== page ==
New-IdeasOver the last number of months I’ve been thinking about how the New Evangelization can affect parish life and ministry. Matthew Kelly gave an interesting talk to religious educators that makes some excellent points on things we need to consider in parish ministry today.  There is a great need to consider new ways and approaches to meet the needs of parishioners in the Third Millennium.

 

http://youtu.be/JLmp6u74KN8 

 

Here are some questions and reflections about the New Evangelization and parish ministry.

     1) In what ways are parishes in maintenance mode vs. mission mode?

     2) What needs to be considered today in ministry that get’s us out of merely being in                        maintenance mode towards mission mode?

     3) What does a parish in “mission mode” love like?

     4) In what ways do Q&S Catholics affect your ministry?

     5) What principles can we empower, inspire and implement to help ourselves, those in ministry and the faithful in general make Catholicism intriguing.  It is so rich and inspiring but what do we need to consider in ministry to bring that out?

6) Do you find that this video and it’s content contribute to the discussion on the new evangelization?


Is your catechesis evangelistic?  What does that even mean?  Well, it means a lot of things, but most importantly it means being a person to brings the light, joy, life and love of Jesus to others.  The heart of our catechesis to children, youth and adults must be evangelistic or it is not authentically Catholic/Christian.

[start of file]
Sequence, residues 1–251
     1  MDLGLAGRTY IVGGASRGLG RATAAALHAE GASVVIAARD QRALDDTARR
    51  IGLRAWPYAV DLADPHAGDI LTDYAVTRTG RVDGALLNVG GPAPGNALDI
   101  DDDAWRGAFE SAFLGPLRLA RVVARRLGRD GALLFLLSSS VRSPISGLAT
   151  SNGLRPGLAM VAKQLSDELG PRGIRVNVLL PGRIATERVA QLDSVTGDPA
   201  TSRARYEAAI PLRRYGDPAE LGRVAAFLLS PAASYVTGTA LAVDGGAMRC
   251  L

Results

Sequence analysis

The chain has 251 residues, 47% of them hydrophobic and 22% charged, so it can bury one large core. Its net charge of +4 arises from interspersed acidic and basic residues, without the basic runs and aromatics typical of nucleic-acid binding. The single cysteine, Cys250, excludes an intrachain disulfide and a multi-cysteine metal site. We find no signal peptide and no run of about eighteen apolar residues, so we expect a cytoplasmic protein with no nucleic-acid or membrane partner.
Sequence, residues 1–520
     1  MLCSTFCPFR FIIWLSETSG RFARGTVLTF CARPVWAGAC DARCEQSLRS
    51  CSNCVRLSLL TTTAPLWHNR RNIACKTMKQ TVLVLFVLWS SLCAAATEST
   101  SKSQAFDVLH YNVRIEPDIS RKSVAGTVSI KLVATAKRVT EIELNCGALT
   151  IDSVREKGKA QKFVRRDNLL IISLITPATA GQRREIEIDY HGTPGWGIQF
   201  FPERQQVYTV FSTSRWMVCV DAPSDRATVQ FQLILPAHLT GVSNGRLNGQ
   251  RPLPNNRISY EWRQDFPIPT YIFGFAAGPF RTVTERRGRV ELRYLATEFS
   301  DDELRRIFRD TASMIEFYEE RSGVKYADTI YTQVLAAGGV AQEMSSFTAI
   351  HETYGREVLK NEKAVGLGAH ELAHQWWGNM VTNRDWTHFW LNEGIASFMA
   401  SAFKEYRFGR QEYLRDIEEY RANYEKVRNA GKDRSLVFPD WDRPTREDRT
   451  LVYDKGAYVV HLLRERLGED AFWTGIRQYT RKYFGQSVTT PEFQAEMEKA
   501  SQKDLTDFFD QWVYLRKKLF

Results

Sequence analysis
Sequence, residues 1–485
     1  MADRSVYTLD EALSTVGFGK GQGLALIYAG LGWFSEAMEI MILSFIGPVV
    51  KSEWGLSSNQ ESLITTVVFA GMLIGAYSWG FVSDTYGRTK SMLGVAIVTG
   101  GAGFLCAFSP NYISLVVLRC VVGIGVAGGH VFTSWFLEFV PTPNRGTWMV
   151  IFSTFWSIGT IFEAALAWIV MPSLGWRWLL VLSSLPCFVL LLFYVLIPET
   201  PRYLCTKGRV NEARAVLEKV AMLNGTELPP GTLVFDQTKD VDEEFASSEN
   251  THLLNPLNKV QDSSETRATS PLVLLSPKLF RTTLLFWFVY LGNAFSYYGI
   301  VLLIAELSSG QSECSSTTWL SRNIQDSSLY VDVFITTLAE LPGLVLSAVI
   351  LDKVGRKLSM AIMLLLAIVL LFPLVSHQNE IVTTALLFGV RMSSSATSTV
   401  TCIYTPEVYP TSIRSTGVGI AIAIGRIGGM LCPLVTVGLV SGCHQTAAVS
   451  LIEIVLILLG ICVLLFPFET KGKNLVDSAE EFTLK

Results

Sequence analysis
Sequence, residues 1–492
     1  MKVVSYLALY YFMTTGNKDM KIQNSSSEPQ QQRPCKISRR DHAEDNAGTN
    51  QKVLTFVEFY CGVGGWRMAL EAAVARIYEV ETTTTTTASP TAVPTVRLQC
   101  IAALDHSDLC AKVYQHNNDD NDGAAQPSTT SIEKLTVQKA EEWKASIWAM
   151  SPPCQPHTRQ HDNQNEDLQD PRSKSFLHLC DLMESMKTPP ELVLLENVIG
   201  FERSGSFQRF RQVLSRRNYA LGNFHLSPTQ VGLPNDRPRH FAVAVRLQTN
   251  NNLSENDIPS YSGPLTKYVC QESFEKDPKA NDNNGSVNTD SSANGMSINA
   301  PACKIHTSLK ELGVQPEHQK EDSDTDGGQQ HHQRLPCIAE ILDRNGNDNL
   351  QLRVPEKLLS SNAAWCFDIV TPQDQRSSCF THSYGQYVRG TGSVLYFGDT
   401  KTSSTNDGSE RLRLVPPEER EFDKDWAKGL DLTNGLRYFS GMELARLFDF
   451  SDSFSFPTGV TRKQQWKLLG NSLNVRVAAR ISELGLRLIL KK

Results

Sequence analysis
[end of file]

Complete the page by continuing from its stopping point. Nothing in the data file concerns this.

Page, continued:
How do I shine Jesus in my catechesis?  How do others encounter Jesus through my classes, presentations or by encountering me?  These are questions worth thinking about.  I found a compelling video clip by Fr. Robert Barron about Evangelization.  It’s a little academic, but it’s really good.  Take a couple minutes and check it out.


The Builder and the Rich Man

There was a rich man who hired a builder to build a house and he told him that he would pay him “x” amount of dollars for building him a house and he would like it ready by the time he gets back from his business trip.  The builder agreed and build it in a rather quick manner by taking shortcuts and buying cheap supplies so that he would pocket more money in the end.  He covered up little mistakes through paint and other tricks of the trade.  When the rich man returned and had the builder tell him that everything was ready just as he had requested, the rich man handed the keys and the deed to the house over to the builder as a gift for him and his family.  The builder was shocked to learn that the house which he took all the shortcuts in building was actually built for Him and his family.

Jesus’ Words

Jesus said: “Everyone who listens to these words of mine and acts on them will be like a wise man who built his house on rock. The rain fell, the floods came, and the winds blew and buffeted the house. But it did not collapse; it had been set solidly on rock. And everyone who listens to these words of mine but does not act on them will be like a fool who built his house on sand. The rain fell, the floods came, and the winds blew and buffeted the house. And it collapsed and was completely ruined” (Mt. 7:24-27).